image description
The reconstruction of the 1919 Wahconah Park took its next step with the selection of a designer.

Wahconah Park Committee Recommends Designer

By Brittany PolitoiBerkshires Staff
Print Story | Email Story

PITTSFIELD, Mass. — The reimagining of historic Wahconah Park is one step closer with a designer being put forth to the city. 

The park's restoration committee on Wednesday recommended S3 Design Inc. for the job after the firm scored highest against two competitors.

The recommendation will go to Mayor Linda Tyer and then to the Parks Commission, who will communicate the vote back to the purchasing agent so that they can ask for a scope and price proposal.

The Braintree company proposed a workshop-based process to assist the owner's project manager Skanska USA, the committee, and the city with the project. It includes a feasibility study with four phases of workshops, a schematic design, bidding and the award, and the construction administration.

Last week, a subcommittee interviewed three firms and was most impressed with S3 Design's presentation, though all were seen as good contenders.

"All of them brought substantial experience, they brought multiple team members with extensive experience and proposal plans for floodwater management as well as stadium design and alternate uses, different revenue streams, different park plans and amenities that they have done. They showed projects that were at least of similar scope and size to this," member Anthony DeMartino explained.

"Each of these two did have a plan and articulated a pretty good plan in regards to a building consensus and from the public, listening to public input and, listening to stakeholder input, and being sensitive to the city's situation not just financially but just in the scope of the project,"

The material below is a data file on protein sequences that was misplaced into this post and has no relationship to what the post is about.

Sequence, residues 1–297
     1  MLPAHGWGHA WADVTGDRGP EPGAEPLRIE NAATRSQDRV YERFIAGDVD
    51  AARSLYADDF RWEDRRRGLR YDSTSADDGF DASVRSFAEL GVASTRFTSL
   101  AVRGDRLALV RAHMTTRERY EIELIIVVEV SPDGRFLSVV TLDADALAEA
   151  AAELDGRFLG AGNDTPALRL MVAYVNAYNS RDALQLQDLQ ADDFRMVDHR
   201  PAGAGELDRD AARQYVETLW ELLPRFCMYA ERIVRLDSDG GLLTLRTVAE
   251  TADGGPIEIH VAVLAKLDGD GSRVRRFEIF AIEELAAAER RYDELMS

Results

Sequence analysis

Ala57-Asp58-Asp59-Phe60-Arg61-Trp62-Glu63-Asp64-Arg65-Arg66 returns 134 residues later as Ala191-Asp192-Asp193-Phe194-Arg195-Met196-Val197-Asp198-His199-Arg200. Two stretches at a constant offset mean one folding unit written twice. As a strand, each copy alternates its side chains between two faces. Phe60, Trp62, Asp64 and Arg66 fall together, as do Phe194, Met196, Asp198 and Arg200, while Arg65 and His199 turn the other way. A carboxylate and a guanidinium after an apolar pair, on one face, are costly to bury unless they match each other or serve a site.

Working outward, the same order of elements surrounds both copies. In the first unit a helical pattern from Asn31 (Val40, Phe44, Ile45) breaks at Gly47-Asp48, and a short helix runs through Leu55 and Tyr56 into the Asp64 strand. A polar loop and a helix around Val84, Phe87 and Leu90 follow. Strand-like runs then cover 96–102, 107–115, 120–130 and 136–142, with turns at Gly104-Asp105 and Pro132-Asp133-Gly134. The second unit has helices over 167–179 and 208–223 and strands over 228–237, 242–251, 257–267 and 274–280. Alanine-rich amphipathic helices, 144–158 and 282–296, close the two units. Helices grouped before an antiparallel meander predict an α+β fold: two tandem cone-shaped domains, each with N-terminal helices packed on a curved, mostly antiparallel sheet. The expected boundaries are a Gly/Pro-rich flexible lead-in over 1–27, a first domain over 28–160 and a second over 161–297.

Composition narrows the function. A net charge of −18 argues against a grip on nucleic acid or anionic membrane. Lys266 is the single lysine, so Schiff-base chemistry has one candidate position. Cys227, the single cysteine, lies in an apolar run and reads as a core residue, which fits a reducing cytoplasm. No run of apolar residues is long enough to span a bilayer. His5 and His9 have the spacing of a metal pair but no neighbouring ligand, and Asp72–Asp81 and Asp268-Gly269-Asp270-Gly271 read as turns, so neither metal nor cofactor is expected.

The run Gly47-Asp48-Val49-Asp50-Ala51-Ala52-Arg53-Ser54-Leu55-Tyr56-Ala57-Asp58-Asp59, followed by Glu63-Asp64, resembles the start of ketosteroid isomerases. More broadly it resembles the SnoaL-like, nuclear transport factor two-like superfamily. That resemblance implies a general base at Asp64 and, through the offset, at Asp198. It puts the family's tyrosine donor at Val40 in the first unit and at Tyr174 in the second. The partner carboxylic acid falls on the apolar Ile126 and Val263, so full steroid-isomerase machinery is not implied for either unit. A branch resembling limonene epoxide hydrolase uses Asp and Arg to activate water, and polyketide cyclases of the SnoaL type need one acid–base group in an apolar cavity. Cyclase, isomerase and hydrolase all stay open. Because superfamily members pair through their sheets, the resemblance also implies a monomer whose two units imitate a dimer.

"The S3 group did that significantly better."

DeMartino liked that the firm wanted to meet immediate and future needs and its plan to evaluate the importance of all design aspects.

Based on other niche projects that S3 Design has worked on, the ballpark cost is about $10 million to $15 million.

Reportedly most of the firms speculated that rebuilding the facility may be cheaper than renovating but would rely on the feasibility study to determine that.

The city has secured about $5 million for the endeavor so far.

"Currently there's a $2 million capital appropriation from the past fiscal year and the City Council just authorized the acceptance of a $3 million earmark grant," Parks, Open Space, and Natural Resource Program Manager James McGrath.

"So there's $5 million available right now. We're spending some of that down for expenses associated with the OPM Skanska and of course, we will negotiate a contract with the selected designer and will begin incurring costs there."

The OPM The team anticipates the design being complete by February or March of next year and bidding and work by August of 2024 after the Pittsfield Sun's season. This would result in a new ballpark that is open for use by the summer of 2025.

Four proposals were received in response to an RFP and three including S3 were accepted for interviews: Bargmann Hendrie and Archetype Inc. and Clough, Harbour & Associates.